Hey herb i read the Champ Thomas book and the philly shell is the exact stance he loves and focuses on. The main reason i started this thread was to find out why everyone says not to use it. Also i would love for someone to tell me all they can about the shoulder roll because everytime i read something on the internet it says the shoulder roll is important when using the philly shell. Speaking of Champs Thomas' book, i believe he says very little, if anything at all about the shoulder roll. I am going to read through it again though to make sure. Thanks for the help everyone it has helped alot!

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    Default Re: Philly shell vs other stances

    When you put your left hand down and relaxes your sholder you give a target for the right hands...This target is more imaginary than real because if you stay back there and prepared for them, its really easy to block or roll with them. Your oponent will commit on trowing the right hands and so, as Scrap says, you must maintain your concentration. I love to think abaut the defencive techniques like puches but without trowing them. The mechanics behind sliping, rolling, ducking is the same. First you must have rythm in order to make the movements happen fast as possible. For example if boxer caches anoder boxer with a combo and he wants to go backwards, how do you thing he is going to initiate the movement faster:staying flat footed or in the backwards motion from the rythm... And then the second part, in order to make this defensive moves you must turn your sholders, load up the hand in which direction you are going and stay balanced in order to trow punch or move after that... Sounds pretty much llike punching for me. And last point on rythm. If you make at abaut 120 130 bounces per minute you are using the elasticity of your muscles and you spend almost no energy in doing so. If you dont have it you are going to stay flat footed because its un natural to stay on ball of your foot not moving and you are going to get tired pretty fast...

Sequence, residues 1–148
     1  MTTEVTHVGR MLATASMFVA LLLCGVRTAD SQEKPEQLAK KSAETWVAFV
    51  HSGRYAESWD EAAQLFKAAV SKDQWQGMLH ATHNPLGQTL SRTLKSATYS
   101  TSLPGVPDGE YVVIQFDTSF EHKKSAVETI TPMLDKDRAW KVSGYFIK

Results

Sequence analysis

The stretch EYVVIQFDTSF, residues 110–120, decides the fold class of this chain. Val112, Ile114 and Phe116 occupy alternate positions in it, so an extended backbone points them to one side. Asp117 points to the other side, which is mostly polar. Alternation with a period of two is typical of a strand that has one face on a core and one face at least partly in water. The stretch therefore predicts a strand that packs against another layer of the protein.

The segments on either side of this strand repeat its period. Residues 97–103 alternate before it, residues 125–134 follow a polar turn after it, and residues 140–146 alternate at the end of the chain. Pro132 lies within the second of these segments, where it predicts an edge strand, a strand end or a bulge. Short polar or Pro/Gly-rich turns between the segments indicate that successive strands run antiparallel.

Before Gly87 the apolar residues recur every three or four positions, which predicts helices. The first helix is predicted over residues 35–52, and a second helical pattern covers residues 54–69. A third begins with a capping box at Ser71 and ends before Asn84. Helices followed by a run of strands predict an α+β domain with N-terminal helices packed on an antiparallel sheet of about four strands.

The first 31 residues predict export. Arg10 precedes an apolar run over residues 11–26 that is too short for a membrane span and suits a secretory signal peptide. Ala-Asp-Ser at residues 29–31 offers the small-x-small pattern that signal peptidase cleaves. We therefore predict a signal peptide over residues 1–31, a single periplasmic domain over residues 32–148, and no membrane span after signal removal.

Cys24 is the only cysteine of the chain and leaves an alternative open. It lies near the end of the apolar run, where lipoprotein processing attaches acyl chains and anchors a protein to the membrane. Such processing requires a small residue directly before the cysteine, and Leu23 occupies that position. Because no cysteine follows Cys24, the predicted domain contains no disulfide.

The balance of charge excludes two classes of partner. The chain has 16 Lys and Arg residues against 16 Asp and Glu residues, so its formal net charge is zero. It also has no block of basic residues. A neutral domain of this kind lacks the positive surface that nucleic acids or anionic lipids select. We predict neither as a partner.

I think that the first boxer that i see using the defence was jack dempsey... He used it from a crauch in order to get near to his oponent. With his constant bobing and rolling he was famous to be very hard to hit and when he take a shot it wasnt flush. The shots were soften by hitting first the scholder and then falling under a big angle on the top of the head (which deflected even more the power) or when he was going backwards with the shot... In boxing you are gonna take alot of punches... But the question is how you are gonna take them?

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    Default Re: Philly shell vs other stances

    Thank you nikola your threads are very informitive. Question about the shoulder roll. Can it be used in like a pushing motion like when some throws a straight, as they do that i turn my shoulder to the inside, the punch makes contact with the front deltoid part of my shoulder which pushes his fist out of the way. Similar to the motion when you whipe someones jab, or parry a jab (i hope you understand this lol). Or should i focus mainly on just blocking the punch with the shoulder. Also when my opponent throws a punch with his left hand should i only block with my right side? And when he throws with his right should i only block with my left? I hope this all makes since. Thank you again and any more info you can give helps alot. I like this stance because i can strike out of it very effectivly but dont know alot about the defensive side and i have no one to teach me about it.